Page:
County Commissioner Denny Miller resigned during a tense July 31 meeting with Carroll County delegation leaders because of ongoing conflicts with the representatives. Widmer resigned as treasurer after the delegation passed the 2015 budget, warning that the spending plan overstated revenues.
"There are 10 counties in New Hampshire and none of them have any issue with bonds and TAN notes other than Carroll," said Miller. "The problems go back years and years."
Miller is critical of the delegation for allowing years of missed audits and approving budgets that miscalculated revenue generated from the county-run Mountain View Nursing Home. He said the $2.6 million supplemental budget should get the county through the rest of the year, but that it will take up to two years to collect the money and may lead to the county having to borrow in the near future because of further budgetary challenges.
"Nobody watched the books for five years," said Miller. "This delegation is out to lunch. They don't know what fiduciary responsibility is."
Barbara Reid, a government finance advisor for the New Hampshire Municipal Association, said New Hampshire's has a strong record avoiding local fiscal distress thanks largely to the Revised Statutes Annotated Chapter 13 established in 1933, which provides state assistance to localities in need.
"There are a lot of safeguards in place to prevent a municipality from even considering a bankruptcy," said Reid, who was an assistant commissioner with the New Hampshire Department of Revenue Administration from 1986 to 2005. "We have a lot of controls in the state."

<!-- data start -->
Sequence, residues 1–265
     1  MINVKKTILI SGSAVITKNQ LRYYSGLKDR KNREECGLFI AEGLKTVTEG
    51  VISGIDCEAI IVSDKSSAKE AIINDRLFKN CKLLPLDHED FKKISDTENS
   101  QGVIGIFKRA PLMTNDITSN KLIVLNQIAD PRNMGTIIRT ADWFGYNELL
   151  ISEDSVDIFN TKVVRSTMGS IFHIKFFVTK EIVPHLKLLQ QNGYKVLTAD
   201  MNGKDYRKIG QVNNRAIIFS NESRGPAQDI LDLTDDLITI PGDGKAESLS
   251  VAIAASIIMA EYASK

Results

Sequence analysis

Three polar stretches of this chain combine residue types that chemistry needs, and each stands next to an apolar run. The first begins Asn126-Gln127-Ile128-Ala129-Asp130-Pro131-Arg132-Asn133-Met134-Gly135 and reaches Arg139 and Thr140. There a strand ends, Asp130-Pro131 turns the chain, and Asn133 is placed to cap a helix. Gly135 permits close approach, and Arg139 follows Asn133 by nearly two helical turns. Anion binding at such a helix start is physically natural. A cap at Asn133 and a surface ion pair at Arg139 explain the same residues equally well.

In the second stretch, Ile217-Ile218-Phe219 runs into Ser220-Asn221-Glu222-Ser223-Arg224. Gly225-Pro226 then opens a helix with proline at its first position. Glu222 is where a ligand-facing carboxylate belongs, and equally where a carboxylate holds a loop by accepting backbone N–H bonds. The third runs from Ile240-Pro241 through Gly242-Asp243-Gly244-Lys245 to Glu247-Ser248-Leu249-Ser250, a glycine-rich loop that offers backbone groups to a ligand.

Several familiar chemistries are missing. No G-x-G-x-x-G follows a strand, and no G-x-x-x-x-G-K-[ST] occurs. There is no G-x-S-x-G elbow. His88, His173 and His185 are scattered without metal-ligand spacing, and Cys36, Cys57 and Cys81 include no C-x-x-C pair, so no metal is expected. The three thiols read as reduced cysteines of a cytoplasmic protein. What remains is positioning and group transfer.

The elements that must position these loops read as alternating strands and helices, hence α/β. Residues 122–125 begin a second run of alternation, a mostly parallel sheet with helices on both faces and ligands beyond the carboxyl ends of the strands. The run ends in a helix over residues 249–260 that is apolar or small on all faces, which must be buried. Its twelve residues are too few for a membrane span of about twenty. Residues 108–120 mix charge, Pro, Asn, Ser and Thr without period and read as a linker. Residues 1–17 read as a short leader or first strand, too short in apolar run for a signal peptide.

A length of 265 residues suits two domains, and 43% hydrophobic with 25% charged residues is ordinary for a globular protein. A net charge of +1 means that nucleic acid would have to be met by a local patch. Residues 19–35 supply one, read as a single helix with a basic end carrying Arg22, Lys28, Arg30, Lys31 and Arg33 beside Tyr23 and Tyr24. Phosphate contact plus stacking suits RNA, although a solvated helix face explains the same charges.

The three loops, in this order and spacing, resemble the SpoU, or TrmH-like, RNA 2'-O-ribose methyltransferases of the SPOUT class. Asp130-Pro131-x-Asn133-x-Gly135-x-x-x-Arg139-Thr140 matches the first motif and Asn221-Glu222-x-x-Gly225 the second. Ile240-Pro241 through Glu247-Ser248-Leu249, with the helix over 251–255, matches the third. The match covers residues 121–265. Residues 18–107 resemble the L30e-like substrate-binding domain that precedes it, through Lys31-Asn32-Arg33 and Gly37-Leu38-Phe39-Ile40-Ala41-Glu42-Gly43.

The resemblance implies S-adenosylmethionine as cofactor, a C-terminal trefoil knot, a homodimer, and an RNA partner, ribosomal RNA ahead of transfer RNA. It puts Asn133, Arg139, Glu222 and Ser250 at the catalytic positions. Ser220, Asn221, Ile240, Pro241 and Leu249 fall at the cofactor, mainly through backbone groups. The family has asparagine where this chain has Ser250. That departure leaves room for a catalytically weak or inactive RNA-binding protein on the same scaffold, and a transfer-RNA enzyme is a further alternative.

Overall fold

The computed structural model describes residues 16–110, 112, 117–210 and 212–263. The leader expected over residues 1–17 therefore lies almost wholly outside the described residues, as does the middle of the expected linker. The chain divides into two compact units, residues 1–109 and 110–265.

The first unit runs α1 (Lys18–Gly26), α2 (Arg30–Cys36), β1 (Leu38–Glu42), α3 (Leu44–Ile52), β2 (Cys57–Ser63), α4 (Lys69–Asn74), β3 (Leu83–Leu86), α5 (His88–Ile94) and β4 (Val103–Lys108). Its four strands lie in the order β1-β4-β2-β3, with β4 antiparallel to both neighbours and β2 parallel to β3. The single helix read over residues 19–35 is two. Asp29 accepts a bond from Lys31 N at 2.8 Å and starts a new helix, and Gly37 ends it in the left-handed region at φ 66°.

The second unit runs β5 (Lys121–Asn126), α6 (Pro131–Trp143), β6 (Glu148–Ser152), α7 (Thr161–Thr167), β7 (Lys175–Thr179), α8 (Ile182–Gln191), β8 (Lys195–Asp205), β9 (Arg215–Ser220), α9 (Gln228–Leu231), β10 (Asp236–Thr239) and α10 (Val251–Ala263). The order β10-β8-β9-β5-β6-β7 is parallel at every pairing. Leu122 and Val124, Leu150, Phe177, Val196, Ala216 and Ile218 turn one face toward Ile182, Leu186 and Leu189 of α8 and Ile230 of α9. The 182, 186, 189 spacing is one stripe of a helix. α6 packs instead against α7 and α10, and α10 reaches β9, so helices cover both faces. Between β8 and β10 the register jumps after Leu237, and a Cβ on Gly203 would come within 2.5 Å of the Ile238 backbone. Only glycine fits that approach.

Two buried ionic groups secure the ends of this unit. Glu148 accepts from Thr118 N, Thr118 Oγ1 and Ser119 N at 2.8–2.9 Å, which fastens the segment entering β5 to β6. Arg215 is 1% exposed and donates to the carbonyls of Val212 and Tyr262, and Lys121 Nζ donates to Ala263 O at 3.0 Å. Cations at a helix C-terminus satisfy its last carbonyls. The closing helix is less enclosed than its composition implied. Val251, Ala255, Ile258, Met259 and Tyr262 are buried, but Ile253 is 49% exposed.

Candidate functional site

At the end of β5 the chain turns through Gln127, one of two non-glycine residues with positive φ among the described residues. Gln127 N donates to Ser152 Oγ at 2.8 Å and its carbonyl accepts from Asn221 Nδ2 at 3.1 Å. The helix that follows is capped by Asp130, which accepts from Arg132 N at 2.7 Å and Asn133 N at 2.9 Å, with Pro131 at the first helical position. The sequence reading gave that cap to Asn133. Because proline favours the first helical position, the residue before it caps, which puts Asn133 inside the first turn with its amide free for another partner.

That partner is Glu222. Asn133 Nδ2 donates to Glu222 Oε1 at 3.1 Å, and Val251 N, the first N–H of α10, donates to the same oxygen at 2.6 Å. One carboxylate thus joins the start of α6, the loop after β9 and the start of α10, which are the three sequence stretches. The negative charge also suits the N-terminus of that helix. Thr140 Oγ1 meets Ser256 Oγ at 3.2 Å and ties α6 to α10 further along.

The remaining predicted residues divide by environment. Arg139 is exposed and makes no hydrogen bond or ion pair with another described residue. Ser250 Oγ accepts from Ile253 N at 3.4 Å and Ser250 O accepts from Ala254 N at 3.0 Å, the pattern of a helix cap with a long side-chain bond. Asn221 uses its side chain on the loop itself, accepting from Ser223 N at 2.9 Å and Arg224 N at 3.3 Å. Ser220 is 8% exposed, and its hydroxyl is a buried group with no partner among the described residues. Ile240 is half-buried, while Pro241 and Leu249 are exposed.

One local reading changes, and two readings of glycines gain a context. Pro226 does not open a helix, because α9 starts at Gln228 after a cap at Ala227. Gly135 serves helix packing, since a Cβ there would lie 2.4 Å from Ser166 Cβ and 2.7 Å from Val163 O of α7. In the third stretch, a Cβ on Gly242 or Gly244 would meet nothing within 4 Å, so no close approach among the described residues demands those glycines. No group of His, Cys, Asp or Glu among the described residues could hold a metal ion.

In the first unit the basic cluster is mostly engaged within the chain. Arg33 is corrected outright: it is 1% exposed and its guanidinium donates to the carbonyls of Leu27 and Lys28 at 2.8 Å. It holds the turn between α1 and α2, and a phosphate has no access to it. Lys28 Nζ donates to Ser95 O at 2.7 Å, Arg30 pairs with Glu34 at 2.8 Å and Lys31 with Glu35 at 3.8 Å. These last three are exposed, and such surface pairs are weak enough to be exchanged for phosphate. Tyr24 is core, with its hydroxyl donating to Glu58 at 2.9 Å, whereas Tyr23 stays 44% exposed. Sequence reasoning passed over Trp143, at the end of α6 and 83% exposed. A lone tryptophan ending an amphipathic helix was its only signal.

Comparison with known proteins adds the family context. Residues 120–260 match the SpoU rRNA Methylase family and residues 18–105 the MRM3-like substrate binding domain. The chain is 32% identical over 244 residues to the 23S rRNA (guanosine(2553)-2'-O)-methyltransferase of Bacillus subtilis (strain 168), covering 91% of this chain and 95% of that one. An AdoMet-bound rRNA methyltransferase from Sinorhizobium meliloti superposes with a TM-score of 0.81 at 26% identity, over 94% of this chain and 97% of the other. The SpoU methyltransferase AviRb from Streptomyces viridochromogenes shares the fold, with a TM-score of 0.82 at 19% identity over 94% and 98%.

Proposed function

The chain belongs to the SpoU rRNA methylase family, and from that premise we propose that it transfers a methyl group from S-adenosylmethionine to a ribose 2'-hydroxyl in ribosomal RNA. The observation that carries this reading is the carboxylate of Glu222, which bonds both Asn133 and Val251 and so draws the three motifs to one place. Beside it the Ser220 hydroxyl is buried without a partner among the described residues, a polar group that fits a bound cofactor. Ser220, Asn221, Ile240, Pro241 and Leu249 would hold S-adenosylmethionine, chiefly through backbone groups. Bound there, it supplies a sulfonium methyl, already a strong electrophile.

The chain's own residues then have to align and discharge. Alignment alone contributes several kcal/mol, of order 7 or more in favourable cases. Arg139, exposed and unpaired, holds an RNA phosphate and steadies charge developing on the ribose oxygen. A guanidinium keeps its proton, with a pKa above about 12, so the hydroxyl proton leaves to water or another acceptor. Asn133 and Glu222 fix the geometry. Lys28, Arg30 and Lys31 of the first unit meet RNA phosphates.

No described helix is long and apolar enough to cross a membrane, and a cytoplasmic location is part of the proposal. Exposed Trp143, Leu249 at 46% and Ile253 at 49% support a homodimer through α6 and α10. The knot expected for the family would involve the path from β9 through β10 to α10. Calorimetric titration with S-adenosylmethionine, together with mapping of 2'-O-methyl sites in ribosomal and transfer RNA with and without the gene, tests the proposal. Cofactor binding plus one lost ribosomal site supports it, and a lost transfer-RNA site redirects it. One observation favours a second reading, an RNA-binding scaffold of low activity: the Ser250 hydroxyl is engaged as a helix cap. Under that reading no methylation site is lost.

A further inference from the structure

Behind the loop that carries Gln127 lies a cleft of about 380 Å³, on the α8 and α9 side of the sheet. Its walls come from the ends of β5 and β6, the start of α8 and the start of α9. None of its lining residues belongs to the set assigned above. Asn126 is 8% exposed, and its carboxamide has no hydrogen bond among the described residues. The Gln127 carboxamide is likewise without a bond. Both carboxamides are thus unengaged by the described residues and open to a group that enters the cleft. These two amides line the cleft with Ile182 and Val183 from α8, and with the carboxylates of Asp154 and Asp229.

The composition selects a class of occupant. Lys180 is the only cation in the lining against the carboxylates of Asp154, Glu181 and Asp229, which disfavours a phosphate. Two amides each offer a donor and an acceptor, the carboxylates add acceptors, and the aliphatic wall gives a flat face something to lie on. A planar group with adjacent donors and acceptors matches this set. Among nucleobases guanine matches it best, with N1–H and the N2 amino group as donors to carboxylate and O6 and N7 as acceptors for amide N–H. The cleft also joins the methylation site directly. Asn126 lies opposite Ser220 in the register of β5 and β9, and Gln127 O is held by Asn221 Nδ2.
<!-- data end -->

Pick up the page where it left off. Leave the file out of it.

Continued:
Reid added that many New Hampshire municipalities are proactive when it comes to staying on financial track with around 85 to 90% of cities and towns conducting audited financial statements even though they are not required. She said Carroll County's situation could serve as a lesson for other municipalities to make sure they are up to date on audits.
The New Hampshire Department of Revenue Administration assists municipalities with their administration of taxes to make sure they are set at appropriate rates to generate necessary revenue. Reid also said there are state statutes that govern a local government's investments to make sure they are not too risky.
James Spiotto, managing director at Chicago-based Chapman Strategic Advisors LLC, said only one of the 320 municipal bankruptcies across the country since 1954 was in New Hampshire.
The one exception was the Sullivan County Regional Refuse Disposal District in 1993, a year before state law changed to not authorize bankruptcies.
Spiotto said New Hampshire's Chapter 13 program has been a major reason for New Hampshire's success and that the state assistance option may be something Carroll County will want to consider depending how finances line up next year.
"The Chapter 13 program has been very helpful," said Spiotto. "It's a means of arranging bridge financing and hopefully getting to the other side."